The leader of the El Clan del Golfo, who had a penchant for young girls and who moved through his mountain hideout on donkeys, had a strong alliance with Balkan, Italian and Mexican cartels and in particular had ties to Edin Gacanin, one of the super cartel business partners of Daniel Kinahan.

Edin Gacanin, one of the super cartel business partners of Daniel Kinahan

The European cocaine super cartel is made up of the Irish Kinahan mafia, the Balkans' Tito and Dino cartel, the Dutch Mocro Mafia and the Italian Camorra.

It is believed that hundreds of tonnes of cocaine were ordered directly for the European market through the relationship and during meetings deep in the Colombian jungles.

The emerging picture of the global movement of cocaine from Colombia, Ecuador and Chile to Europe has given a disturbing insight into how the Balkan element of the super cartel brought the drug gangs directly to their suppliers in the mountains where coca leaves are grown.

Sources say a business plan for the merging of the groups was the brainchild of Daniel Kinahan and each cartel brought money and contacts together to form a powerful grouping that has flooded Europe with cocaine over the past five years.

The direct links between the super cartel and the Colombian cocaine kingpin emerged as the Government approved a request by Garda Commissioner Drew Harris to enter a formal information exchange with the Colombian National Police.

A member of the Garda's Drug and Organised Crime Bureau has been based in the region for over a year, building a strong Irish presence in the south American country, which is the largest producer of cocaine in the world.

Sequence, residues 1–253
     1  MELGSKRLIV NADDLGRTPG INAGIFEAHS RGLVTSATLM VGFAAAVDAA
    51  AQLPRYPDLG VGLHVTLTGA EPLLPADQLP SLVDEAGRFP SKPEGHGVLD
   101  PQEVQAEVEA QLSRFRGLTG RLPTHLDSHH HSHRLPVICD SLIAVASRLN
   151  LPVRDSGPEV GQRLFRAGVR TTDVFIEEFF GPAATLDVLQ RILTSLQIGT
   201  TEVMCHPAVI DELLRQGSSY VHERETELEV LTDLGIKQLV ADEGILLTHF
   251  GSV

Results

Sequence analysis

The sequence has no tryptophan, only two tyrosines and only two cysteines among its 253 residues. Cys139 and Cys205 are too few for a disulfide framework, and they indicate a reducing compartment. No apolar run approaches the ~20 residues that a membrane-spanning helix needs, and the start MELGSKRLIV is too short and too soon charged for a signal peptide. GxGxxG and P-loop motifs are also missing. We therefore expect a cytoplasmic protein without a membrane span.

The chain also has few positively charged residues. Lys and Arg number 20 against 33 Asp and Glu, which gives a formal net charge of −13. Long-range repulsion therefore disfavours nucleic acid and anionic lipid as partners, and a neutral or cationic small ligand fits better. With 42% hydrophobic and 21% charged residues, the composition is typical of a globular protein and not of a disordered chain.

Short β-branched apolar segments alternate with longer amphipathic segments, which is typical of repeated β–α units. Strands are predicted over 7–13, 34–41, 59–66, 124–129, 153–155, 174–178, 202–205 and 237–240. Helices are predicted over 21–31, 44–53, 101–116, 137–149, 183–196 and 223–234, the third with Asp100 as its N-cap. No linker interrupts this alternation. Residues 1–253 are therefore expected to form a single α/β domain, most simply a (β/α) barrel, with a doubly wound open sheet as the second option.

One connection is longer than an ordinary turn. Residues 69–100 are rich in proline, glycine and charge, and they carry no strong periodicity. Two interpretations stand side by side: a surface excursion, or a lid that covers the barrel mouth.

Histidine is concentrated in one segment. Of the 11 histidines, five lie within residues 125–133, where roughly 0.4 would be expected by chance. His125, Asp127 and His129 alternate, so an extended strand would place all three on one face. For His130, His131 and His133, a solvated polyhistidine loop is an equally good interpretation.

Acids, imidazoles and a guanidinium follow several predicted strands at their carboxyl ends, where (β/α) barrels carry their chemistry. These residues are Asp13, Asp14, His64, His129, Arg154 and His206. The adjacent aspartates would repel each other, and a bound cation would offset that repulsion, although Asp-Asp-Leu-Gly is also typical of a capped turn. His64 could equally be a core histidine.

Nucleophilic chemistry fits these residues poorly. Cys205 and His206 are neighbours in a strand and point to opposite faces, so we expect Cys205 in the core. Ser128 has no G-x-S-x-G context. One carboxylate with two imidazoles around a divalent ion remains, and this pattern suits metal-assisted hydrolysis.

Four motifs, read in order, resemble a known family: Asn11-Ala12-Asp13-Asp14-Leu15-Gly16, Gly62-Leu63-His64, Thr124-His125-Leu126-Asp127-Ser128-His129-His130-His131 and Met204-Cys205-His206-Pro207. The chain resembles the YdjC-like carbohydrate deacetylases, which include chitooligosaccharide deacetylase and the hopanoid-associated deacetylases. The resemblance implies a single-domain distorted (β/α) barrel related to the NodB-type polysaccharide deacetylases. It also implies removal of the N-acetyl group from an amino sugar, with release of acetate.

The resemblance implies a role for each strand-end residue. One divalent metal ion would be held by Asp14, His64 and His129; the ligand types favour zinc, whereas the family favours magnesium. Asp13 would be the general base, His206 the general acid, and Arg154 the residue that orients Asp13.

An investigation by the Sunday World based on EU drug reports, source information and reports published across the Balkan territories has found that the Kinahan organisation can be directly linked to Otoniel.

Colombian authorities believe that Otoniel regularly met with criminals from Europe, and in particular the Balkans, to negotiate massive cocaine shipments and even brought them into his jungle home to hammer out deals.

His right-hand man, Chiquito Malo, is also suspected of meeting with the criminals and having a personal relationship with a close associate of Gacinan.

One haul of cocaine in Columbia

At the time of Otoniel's arrest, General Jorge Luis Vargas, the director of the Colombian national police, said that members of the Balkan group would travel into the uncharted Paramillo Massif mountain range to meet with the clan heads.

"Five mafias and international cartels are the principals with whom the Clan Del Golfo trafficks: Jalisco New Generation and Sinaloa in Mexico, the Calabresa and Siciliana mafias in Italy and the Balkan networks," he said.

"We have identified 28 countries where cocaine is sent by the group."

Vargas went on to say that the clan was laundering its money with business people of Lebanese, Arab and Israeli origin.

He listed regular routes for the cocaine as the US, Belgium, Spain, the Netherlands, Germany, France, Ireland, the UK, Italy, Albania and Ukraine with connections in Iran, China, Australia and the United Arab Emirates.